'Thus, after the pull rod 34 has been displaced forwardly through the housing 24 by a pull on the handle 22 for ap- I plying the emergency or parking brake, as illustrated in the drawings, said rod 34 will be held against rearward sliding movement by the biting engagement of the edges -54 and 55 therewith, so that the emergency or parking upper end of the bar- 39 to the right to cause said bar to assume a more nearly upright position and so that the pull rod 34 will be released from engagement with the edges 54 and 55. While the bar 39 is thus held by the energized electromagnet 44, the parking brake linkage can be moved to release the parking brake. It will thus be seen that the brake locking attachment 23 will prevent release of the parking brake until the ignition switch 51 is moved to a circuit closing position and until the switch 52 is also moved to a circuit closing position.

As soon as pressure on the switch 52 is released, said switch will automatically return to an open position so that the electromagnet 44 will be de-energized allowing the springs 43 and 41 to return the latching bar 39 to its position of Figures 3 and 4. Thereafter, when the handle 22 is pulled rearwardly to apply the parking brake, the pull rod 34 in moving forwardly or from left to right of Figures3 and 4 will move the latch bar 39 out of engagement with the inclined surface 31. When this occurs and due to the fact that the edge 54 has a tighter engagement with the rod 34 while said rod is moved from left to right, the latch bar 39 will rock slightly toward an upright position so that the pull rod 34 can slide forwardly therethrough. When forward movement of the rod 34 has ceased, the springs 43 and 41 will return the latch bar 39 to its position of Figures 3 and 4 automatically relocking the emergency brake in an applied position and so that the electromagnet 44 must again be energized before the emergency brake can be released.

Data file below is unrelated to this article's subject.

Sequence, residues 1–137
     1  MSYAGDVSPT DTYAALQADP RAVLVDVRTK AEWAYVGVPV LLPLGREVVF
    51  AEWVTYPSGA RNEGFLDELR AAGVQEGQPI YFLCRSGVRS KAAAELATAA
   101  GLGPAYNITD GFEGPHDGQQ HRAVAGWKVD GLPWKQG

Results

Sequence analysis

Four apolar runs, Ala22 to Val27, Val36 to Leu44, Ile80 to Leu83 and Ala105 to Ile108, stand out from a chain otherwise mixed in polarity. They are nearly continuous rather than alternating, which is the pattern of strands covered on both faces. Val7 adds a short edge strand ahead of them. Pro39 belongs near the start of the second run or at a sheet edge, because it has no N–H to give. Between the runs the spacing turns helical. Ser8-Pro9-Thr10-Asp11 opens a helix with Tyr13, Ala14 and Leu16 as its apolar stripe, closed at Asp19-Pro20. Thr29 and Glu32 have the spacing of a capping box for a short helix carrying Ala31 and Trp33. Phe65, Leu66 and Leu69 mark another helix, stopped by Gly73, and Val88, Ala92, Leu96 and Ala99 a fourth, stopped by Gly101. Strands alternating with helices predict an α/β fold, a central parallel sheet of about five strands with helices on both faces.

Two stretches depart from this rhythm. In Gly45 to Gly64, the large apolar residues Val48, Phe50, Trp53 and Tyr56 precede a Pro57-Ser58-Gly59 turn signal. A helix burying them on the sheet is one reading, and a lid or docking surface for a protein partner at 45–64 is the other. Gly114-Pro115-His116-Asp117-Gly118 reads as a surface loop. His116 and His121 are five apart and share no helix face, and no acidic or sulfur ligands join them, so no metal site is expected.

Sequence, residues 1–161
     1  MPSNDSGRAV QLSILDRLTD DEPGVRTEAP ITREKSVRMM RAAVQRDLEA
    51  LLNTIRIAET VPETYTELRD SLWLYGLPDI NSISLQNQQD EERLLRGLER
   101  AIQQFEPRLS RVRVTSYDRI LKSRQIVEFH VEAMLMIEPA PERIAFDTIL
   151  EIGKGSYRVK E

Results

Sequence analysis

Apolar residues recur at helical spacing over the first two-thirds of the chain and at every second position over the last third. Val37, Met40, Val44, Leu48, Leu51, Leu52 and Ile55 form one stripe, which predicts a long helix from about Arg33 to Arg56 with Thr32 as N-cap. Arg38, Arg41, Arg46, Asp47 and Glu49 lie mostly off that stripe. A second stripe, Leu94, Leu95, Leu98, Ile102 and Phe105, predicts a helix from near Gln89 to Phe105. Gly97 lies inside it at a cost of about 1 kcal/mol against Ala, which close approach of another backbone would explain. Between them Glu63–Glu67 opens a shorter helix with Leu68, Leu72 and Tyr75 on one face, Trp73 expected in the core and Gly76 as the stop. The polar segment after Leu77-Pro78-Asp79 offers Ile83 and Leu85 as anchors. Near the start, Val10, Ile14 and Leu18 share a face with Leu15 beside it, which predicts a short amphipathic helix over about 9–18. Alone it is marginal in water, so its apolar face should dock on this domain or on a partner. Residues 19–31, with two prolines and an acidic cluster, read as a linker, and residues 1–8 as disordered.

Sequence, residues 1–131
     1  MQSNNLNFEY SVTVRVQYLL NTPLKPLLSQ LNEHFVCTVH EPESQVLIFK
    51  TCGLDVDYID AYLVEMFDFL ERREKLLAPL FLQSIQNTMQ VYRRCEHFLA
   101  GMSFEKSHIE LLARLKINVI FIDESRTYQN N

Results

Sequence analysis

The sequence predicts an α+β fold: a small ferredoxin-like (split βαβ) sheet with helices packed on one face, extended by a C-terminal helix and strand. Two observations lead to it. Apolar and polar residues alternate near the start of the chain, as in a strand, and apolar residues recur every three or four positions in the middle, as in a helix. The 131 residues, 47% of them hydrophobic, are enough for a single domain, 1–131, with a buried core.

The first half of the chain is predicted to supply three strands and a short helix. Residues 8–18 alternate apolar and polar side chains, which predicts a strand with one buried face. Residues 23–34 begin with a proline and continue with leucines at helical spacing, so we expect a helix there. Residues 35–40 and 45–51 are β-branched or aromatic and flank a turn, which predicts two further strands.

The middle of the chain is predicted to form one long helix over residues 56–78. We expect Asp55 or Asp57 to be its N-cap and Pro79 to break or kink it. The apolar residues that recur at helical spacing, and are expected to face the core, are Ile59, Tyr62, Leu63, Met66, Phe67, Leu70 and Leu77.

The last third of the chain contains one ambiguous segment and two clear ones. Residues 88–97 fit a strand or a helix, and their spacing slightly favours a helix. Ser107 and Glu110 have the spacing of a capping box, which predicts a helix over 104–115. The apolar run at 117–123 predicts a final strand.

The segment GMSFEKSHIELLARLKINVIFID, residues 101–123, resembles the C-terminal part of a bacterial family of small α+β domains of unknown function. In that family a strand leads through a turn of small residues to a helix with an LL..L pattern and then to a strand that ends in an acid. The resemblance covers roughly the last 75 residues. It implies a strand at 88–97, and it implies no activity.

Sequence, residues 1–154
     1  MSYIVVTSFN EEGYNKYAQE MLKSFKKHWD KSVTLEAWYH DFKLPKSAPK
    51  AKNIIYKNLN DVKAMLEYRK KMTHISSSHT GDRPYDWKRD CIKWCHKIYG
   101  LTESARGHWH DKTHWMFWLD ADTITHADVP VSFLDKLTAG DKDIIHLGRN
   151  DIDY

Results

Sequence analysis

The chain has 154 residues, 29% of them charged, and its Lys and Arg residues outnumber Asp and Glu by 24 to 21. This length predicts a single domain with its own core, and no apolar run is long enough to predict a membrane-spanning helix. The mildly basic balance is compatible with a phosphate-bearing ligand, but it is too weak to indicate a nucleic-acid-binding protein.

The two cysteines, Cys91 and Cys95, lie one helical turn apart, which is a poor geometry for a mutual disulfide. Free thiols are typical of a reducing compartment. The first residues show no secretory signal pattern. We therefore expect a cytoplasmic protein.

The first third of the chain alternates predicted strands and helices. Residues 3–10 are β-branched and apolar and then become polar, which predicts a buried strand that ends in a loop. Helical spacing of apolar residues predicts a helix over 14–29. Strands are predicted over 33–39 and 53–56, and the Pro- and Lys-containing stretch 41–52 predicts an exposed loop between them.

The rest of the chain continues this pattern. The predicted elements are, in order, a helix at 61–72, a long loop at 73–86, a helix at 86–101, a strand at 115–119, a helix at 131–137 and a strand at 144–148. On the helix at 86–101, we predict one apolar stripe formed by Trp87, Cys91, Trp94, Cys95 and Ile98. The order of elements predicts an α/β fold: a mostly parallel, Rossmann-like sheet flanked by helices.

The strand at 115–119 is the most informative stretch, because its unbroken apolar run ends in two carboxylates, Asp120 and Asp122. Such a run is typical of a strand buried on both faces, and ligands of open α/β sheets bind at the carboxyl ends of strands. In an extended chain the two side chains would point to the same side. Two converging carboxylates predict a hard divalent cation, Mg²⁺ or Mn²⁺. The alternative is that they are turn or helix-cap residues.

Figure 7 illustrates that the emergency brake locking attachment 23 may be utilized with other types of emergency brake actuating means. In this view the forward end only of the pull rod 34 is shown and said end is connected to a rear end of a wireor rod 56 leading from suitable means, not shown, contained within a vacuum cylinder 57 which has a suction line 58 connected to the forward end thereof and which may lead from the intake manifold, not shown, of the engine. Suitable means may be provided for supplying suction to the cylinder 57 through the line 58 for pulling the rod 56 inwardly of the rear end of the cylinder to exert a forward pull from left to right on the pull rod 34, and suitable means may be provided for releasing the suction in the cylinder 57 to allow the pull rod 34 to move from right to left or rear wardly for releasing the emergency brake when the latch bar 39 is released by the electromagnet 44 being energized.

Various other modifications and changes are contemplated and may be resorted to, without departing from the function or scope of the invention as hereinafter defined by the appended claims.

I claim as my invention:

1. In combination with a vehicle emergency brake actuating linkage, a brake locking attachment including a pull rod interposed in the brake actuating linkage, a guide member in which said pull rod is reciprocably supported, a latch bar having an opening through which the pull rod loosely extends, spring means urging the latch bar to a canted position for frictional gripping engagement with the pull rod, said guide member having a beveled end forming abutment means against which a part of the latch bar bears when held in a canted position by said spring means to prevent sliding movement of said pull rod in one direction for locking said brake actuating means against movement toward a brake releasing position, an electromagnet means connected to said latch bar for rocking the latch bar against the action of said spring means toward a position normal to the axis of the pull rod for disengaging the latch bar from frictional gripping engagement with the pull rod to permit movement of the brake actuating mechanism toward a brake releasing position.